Terrace Martin is many things: a rapper, a producer, a saxophone player, among other things. On his debut full-length album, “3ChordFold” he expertly utilizes all of his skills to create one of the year’s best records. Martin, who hails from Los Angeles, has gained some attention over the past few years with acclaimed mixtapes (“The Sex EP,” “Here My Dear”), and he has built some strong relationships with some of the West Coast’s brightest and most respected.
Of Martin’s many skills, his storytelling ability is what makes “3ChordFold” a great album. Like many of his previous releases, “3ChordFold” revolves around relationships, but this time Martin uses the album’s 14 tracks to tell a story about three different types of relationships: the freeloader, the renter and the buyer. Martin finds himself juggling the freeloader and the renter until he decides he wants a buyer at the end of the album’s climax “Happy Home.”
“3ChordFold” is a special and unique album also because of its production. Handled by Martin, along with some help from 9th Wonder, Focusâ€¦, and Quincy Jones, the production is flawless and modernized blend of hip hop and jazz. Most jazz hip hop these days comes off as “retro” or an homage to the early 90s style that was made popular by acts like A Tribe Called Quest. On my personal favorite song on the album, “Something Else,” Martin and 9th Wonder are able to blend a soulful, jazzy beat with an autotuned hook from Problem. Initially Problem’s heavily autotuned vocals are pretty off-putting, but after repeated listens, there are some incredible harmonies layered during the chorus. The Wiz Khalifa-assisted “Motivation” is another great example of combining modern hip hop sounds with organic jazz instrumentation. Wiz delivers an excellent verse over the spaced-out instrumental, which includes 808s and a heavily reverbed guitar that sounds similar to the notes from Jay-Z’s “Dead Presidents.”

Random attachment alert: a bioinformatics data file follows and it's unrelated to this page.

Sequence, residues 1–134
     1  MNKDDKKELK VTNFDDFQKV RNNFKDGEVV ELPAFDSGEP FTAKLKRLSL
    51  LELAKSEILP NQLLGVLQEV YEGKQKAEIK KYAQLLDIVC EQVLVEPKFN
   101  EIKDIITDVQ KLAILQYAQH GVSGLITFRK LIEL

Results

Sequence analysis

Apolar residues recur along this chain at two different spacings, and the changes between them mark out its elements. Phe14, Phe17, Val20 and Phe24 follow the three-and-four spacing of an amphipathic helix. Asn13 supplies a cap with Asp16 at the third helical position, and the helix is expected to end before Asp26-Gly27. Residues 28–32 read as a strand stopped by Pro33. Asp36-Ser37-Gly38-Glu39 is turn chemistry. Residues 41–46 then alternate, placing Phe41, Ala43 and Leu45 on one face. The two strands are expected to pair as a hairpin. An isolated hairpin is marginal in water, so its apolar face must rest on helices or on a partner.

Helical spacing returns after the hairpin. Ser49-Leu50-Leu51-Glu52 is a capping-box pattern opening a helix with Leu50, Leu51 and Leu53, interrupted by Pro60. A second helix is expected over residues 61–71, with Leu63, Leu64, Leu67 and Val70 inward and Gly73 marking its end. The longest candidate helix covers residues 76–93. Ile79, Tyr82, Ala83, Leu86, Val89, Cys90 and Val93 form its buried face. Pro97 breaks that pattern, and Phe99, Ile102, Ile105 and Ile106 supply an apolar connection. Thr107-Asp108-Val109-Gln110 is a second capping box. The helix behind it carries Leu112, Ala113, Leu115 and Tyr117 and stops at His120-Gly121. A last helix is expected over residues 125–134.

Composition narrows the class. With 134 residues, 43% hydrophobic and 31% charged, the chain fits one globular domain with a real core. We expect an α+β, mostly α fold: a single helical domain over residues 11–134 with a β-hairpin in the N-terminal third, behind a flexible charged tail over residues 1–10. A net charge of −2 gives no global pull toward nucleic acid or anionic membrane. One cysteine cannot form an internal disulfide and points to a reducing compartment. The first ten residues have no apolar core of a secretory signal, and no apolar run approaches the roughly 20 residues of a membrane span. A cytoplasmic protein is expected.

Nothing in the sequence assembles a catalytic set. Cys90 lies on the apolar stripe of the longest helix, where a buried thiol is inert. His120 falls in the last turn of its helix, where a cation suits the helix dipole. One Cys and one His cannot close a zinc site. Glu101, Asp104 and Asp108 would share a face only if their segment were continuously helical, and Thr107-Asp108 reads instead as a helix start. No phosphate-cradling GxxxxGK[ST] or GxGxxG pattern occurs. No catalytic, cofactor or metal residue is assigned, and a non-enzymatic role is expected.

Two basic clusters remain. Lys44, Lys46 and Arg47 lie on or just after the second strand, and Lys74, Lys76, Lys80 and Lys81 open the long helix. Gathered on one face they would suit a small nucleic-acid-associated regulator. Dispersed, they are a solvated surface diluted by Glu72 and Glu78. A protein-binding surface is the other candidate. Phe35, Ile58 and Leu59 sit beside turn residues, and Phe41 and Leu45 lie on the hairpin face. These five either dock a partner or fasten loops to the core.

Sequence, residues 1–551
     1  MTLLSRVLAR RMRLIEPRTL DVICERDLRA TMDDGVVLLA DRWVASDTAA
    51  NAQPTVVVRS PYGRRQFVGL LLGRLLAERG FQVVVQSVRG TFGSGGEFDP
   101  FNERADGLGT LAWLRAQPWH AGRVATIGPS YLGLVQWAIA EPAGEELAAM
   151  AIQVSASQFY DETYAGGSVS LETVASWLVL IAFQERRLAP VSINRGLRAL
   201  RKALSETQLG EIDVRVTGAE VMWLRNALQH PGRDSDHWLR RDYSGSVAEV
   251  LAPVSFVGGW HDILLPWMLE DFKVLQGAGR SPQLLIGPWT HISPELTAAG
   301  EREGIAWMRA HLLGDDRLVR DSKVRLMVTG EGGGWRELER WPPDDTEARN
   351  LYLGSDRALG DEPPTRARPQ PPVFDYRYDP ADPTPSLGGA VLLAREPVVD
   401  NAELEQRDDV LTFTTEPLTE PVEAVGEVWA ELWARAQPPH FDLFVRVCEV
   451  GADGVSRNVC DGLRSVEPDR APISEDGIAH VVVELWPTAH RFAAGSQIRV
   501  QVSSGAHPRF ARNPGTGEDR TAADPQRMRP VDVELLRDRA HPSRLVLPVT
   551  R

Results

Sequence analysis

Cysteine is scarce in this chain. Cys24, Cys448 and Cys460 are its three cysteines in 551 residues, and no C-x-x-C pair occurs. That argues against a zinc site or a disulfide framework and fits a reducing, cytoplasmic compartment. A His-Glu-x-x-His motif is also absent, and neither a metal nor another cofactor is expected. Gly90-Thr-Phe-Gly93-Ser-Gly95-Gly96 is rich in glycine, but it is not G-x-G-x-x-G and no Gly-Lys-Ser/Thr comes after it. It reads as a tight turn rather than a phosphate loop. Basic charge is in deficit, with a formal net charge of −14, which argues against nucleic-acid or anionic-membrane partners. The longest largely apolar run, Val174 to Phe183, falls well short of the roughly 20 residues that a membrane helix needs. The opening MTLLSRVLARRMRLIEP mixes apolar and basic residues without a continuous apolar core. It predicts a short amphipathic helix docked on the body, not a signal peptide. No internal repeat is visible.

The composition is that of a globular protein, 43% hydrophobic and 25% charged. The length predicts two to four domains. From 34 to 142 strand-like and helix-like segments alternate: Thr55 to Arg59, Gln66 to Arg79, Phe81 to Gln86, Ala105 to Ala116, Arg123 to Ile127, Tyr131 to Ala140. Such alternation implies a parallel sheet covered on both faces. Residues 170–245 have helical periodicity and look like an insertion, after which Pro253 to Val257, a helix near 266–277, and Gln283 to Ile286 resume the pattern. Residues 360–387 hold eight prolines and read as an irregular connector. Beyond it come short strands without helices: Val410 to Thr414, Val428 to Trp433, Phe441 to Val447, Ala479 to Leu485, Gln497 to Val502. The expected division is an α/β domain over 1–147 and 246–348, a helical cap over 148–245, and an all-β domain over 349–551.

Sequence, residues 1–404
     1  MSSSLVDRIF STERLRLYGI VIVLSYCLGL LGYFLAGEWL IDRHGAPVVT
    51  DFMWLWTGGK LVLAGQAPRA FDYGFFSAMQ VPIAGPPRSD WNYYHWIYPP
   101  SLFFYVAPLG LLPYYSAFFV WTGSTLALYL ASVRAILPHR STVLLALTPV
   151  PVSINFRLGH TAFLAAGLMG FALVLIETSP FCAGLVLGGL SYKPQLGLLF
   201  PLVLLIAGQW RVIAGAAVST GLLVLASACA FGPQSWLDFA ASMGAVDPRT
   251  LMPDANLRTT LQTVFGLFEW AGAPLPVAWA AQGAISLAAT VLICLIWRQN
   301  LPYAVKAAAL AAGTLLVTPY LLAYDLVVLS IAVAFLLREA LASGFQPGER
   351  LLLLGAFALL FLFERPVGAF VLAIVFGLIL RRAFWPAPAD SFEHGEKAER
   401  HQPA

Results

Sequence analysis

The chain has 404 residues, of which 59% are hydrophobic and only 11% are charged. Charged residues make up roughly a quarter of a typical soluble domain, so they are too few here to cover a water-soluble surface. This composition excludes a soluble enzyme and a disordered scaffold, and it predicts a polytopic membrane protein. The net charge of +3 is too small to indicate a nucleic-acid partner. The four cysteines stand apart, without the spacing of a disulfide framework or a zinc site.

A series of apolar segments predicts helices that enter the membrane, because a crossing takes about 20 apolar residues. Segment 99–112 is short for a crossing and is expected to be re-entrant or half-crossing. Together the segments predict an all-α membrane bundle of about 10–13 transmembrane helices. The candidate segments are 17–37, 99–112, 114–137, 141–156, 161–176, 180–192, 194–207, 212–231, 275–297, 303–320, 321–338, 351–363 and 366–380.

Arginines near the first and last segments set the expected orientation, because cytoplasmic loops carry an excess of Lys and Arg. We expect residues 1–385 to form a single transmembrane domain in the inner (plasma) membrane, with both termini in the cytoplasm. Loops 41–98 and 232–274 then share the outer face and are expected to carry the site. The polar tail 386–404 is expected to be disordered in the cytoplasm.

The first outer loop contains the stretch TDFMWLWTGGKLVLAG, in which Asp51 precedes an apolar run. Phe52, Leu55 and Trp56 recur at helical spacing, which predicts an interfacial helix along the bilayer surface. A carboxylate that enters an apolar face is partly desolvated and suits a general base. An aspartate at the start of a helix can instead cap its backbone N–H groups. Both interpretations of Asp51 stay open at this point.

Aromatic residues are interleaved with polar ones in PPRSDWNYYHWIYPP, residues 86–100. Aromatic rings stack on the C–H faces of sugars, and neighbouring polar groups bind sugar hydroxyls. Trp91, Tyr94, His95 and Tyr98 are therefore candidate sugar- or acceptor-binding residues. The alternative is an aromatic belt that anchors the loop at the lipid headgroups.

Even though he has a wide range of talents, one of Terrace Martin’s weaknesses is his rapping. Lyrically he is strong – not Kendrick or Ab Soul levels, but good enough to hold down a project by himself. Martin isn’t all that engaging as a performer, and his raspy vocal delivery doesn’t make him standout among other artists. Luckily he does an excellent job of masking his flaws with lush production (with a couple of appearances from Robert Glasper among other talented musicians) and top tier vocalists (Musiq, James Fauntleroy and Lelah Hathaway).
All last week rappers urgently rushed to record responses to Kendrick Lamar’s highly discussed “Control” verse. Kendrick called out rappers – even naming a few – to step up their game, and frankly all these rapper’s responses have seemed to miss the point. Anyone can write a dope verse, many people can write a dope song, but it takes a special talent to create a great album. Terrace Martin didn’t need to write a response record to Kendrick, he advanced hip hop forward by making one of the year’s best albums.